Chun commented, “The current survey methodology used for the Visitor Plant Inventory is insufficient with regards to vacation rentals because individually advertised units do not have identifying information.”

Included as an appendix to the 2017 Visitor Plant Inventory Report is a supplemental study, the 2017 Individually Advertised Units in Hawaii Report, which analyzes data from AirBnB, HomeAway, and TripAdvisor. This HTA study, which has been done annually since 2014, utilizes point-in-time data extractions of popular vacation rental booking websites to try and better assess this rapidly evolving type of accommodations.

Island maps showing the location of individually advertised units by zip code, as reflected in the supplemental study, shows the extent of vacation rental units statewide, particularly the density of units found in resort areas (Figures 3-6). Many vacation rentals have operated for decades and are accounted for in the 2017 Visitor Plant Inventory report.

However, the number of Hawaii properties listed on these booking sites is highly fluid because a property can be listed or unlisted based on market changes or changes in ownership. In addition, this data collection method likely over-counts the number of individually advertised units due to the practice of operators listing rentals on multiple booking sites and also using these sites as a marketing channel for traditional accommodations, such as hotel rooms and timeshare stays.

Chun added, “This supplemental study tells the tourism industry that searching these booking sites is unreliable for determining how many vacation rentals are being offered throughout the islands. The total number of individually advertised units is likely overstated.

“Due to the lack of unique identifying information associated with each vacation rental unit on these booking sites, it is not possible to eliminate much of the double and triple counting that occurs when a property is listed on multiple sites. Without this information, the true impact of the positives and negatives created by vacation rentals in Hawaii is unknown.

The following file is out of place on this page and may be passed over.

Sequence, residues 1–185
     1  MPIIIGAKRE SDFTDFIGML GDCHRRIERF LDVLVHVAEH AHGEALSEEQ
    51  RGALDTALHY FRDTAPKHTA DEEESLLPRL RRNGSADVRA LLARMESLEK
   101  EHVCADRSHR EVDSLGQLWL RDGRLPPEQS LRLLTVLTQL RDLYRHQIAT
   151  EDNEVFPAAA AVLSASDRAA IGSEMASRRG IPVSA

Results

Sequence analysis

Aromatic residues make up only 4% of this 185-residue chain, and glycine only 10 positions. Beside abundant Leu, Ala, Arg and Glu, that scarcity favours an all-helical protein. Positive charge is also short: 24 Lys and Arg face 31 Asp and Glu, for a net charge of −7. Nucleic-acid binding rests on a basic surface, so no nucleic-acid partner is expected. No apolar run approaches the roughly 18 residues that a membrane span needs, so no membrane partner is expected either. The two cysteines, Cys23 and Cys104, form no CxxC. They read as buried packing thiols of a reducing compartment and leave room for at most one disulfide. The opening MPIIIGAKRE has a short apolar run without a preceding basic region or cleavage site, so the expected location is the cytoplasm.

“A benefit of having comprehensive regulations for alternative accommodations is that travel consumers seeking this type of lodging in Hawaii can make reservations with confidence, knowing that the laws of the state are being followed. They can be assured that the units being rented actually exist and are also clean and safe.”

HTA’s 2017 Visitor Plant Inventory was produced by Kloninger & Sims Consulting LLC. Data was gathered by surveying properties in HTA’s Visitor Plant Inventory database and identified using a variety of sources. The report is posted on HTA’s website at www.HawaiiTourismAuthority.org.

Click here to see the full report.

About the Hawaii Tourism Authority
The Hawaii Tourism Authority is responsible for strategically managing the State of Hawaii’s marketing initiatives to support tourism. HTA’s goal is to optimize tourism’s benefits for Hawaii, while being attentive to the interests of travelers, the community and visitor industry. Established in 1998 to support Hawaii’s leading industry and largest employer, HTA continually strives to help ensure the sustainability of tourism’s success.

For more information about HTA, please visit www.hawaiitourismauthority.org. Follow updates about HTA on Facebook, Twitter (@HawaiiHTA) and its YouTube Channel.

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Media Contacts:
Charlene Chan
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Hawaii Tourism Authority
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808-781-7733 (m)
Charlene@gohta.net

Patrick Dugan
Senior Vice President
Anthology Marketing Group
808-539-3411 (o)
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Patrick.Dugan@AnthologyGroup.com